Ryan Smyth’s return to the Edmonton Oilers basically took place in three parts. At the start, fans in Edmonton were thrilled when the rumours first surfaced, more thrilled when they realized the cost for Smyth was just Colin Fraser and a seventh round pick. Early in 2011-12 Smyth flourished, scoring 12 times in his first 25 games with the team, and the jubilation persisted. Unfortunately, the scoring disappeared in December and never returned, raising questions about his future with the team.
2011-12 Cap Hit: 6.25 million.
Position: Left wing.
How the coach used him: Smyth saw some of the toughest competition on the team, often being used in a hard-checking line alongside Shawn Horcoff and Ryan Jones. He also had a slight weighting towards defensive zone starts as one of the few wingers on the team coach Tom Renney leaned on in those situations. He played 14:26/game at even-strength, 2:28/game on the power play and 2:09/game on the penalty kill.
How he fared: Smyth managed to hang around the middle of the pack in terms of shots against on the Oilers. Given that the Oilers finished in 29th, it perhaps isn’t surprising that this means he was heavily outshot, but he did stem the bleeding more than other roster options did and he was being deployed in a tough role. His even-strength scoring number (1.93 PTS/60) was good overall, though it’s important to know that’s a compromise between a stellar start to the year and an ice-cold finish. His 5-on-4 scoring rate (2.39 PTS/60) was the lowest of any power play regular in Edmonton and a big drop from the year prior.
What McKeen’s says: “[A] fearless, energetic warrior with underrated puck skills .. bit of a graceless, one-speed skater having lost some pace with age .. absorbs cruel punishment around the crease… makes smart, poised plays under pressure and wins board battles .. determined, well-rounded leader whose value goes beyond goals and points .. provides a steadying influence on his teammates .. the mileage is rapidly piling up however…”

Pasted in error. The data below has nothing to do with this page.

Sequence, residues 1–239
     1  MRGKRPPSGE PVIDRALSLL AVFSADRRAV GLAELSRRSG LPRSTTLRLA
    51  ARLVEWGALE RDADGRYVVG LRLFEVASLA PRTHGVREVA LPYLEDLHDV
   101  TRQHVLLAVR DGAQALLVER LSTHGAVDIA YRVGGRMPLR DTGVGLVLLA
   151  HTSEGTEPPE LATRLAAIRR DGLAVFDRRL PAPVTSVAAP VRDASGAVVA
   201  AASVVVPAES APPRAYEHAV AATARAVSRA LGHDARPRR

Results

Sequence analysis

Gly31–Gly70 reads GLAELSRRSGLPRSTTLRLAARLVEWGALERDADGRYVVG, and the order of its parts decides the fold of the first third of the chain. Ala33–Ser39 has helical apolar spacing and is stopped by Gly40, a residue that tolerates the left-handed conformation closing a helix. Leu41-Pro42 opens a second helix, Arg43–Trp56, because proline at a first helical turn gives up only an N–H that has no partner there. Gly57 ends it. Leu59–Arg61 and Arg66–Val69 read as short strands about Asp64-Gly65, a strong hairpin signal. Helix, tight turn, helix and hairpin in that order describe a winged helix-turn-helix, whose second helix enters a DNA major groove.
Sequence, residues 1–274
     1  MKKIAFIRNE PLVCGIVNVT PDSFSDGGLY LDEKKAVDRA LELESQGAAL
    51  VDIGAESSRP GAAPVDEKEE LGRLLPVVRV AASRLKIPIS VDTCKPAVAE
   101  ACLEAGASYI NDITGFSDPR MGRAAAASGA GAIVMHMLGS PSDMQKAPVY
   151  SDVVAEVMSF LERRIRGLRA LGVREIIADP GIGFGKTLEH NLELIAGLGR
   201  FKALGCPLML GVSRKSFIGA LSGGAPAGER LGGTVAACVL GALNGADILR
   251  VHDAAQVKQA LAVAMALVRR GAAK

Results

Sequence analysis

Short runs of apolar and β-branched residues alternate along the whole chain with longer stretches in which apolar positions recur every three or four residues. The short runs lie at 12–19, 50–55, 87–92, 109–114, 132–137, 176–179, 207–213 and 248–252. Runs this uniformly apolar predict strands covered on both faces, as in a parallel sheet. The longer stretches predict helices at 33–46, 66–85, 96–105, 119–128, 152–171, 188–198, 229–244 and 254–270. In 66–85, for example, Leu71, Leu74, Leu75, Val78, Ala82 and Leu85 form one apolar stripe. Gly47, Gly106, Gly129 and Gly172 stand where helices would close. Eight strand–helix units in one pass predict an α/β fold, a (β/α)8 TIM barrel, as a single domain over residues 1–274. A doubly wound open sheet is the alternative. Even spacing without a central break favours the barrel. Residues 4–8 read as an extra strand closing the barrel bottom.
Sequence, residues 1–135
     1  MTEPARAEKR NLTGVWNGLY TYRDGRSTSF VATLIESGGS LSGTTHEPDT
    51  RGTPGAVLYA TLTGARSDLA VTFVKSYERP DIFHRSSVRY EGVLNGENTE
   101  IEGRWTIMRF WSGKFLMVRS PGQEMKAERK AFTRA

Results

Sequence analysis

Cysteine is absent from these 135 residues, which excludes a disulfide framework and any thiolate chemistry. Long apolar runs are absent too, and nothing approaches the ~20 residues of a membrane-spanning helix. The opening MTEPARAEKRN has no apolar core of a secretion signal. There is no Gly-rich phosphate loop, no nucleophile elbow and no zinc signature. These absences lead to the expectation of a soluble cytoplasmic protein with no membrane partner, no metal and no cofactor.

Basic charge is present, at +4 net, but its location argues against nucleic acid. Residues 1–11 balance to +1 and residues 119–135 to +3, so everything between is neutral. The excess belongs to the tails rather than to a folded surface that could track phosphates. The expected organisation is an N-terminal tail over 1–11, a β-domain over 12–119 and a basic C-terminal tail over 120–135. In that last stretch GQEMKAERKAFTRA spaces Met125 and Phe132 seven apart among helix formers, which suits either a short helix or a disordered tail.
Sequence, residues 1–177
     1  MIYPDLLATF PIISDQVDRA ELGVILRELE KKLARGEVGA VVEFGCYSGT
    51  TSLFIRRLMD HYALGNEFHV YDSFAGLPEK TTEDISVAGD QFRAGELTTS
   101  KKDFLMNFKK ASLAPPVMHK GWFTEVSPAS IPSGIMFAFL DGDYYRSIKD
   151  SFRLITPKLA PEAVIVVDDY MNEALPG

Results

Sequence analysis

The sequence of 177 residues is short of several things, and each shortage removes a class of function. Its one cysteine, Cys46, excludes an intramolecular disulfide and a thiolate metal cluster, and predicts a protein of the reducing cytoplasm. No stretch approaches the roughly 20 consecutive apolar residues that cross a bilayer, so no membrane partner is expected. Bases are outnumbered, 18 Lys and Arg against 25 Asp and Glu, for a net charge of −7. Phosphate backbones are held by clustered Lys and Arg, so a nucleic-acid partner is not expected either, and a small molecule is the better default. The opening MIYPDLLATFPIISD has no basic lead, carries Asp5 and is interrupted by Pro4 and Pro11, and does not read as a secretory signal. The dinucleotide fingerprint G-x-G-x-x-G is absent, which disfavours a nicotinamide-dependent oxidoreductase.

My take: Smyth’s primary value is that he’s an all-purpose NHL veteran who can play on any line and in any situation and be relied upon to generally do the right thing. As McKeen’s points out, however, the effects of aging combined with the abuse taken over 18 NHL seasons are starting to add up, and his offensive contribution has dropped off noticeably from earlier in his career.
Smyth isn’t the sort of player who should be counted on in a key offensive role at this stage in his career, and he’d probably benefit from a few less minutes and less difficult assignments too.
With that said, the tank isn’t empty and Smyth can still contribute. He does win battles, he does provide solid two-way play, and a career of fighting battles in front of the net and along the boards have made him more than capable in the corners – both of coming out with the puck and defending himself from physical damage. Smyth doesn’t hesitate to get the elbows up if the situation calls for it, and as a result it doesn’t seem like he ever really gets belted.
Smyth can still provide value on a two-way line and would probably get a huge boost from playing on a secondary scoring line, but his days of playing power-vs.-power should be behind him.
Key statistic: Smyth scored just four power play goals in 2011-12; in six previous post-lockout seasons he’d averaged 11 per season.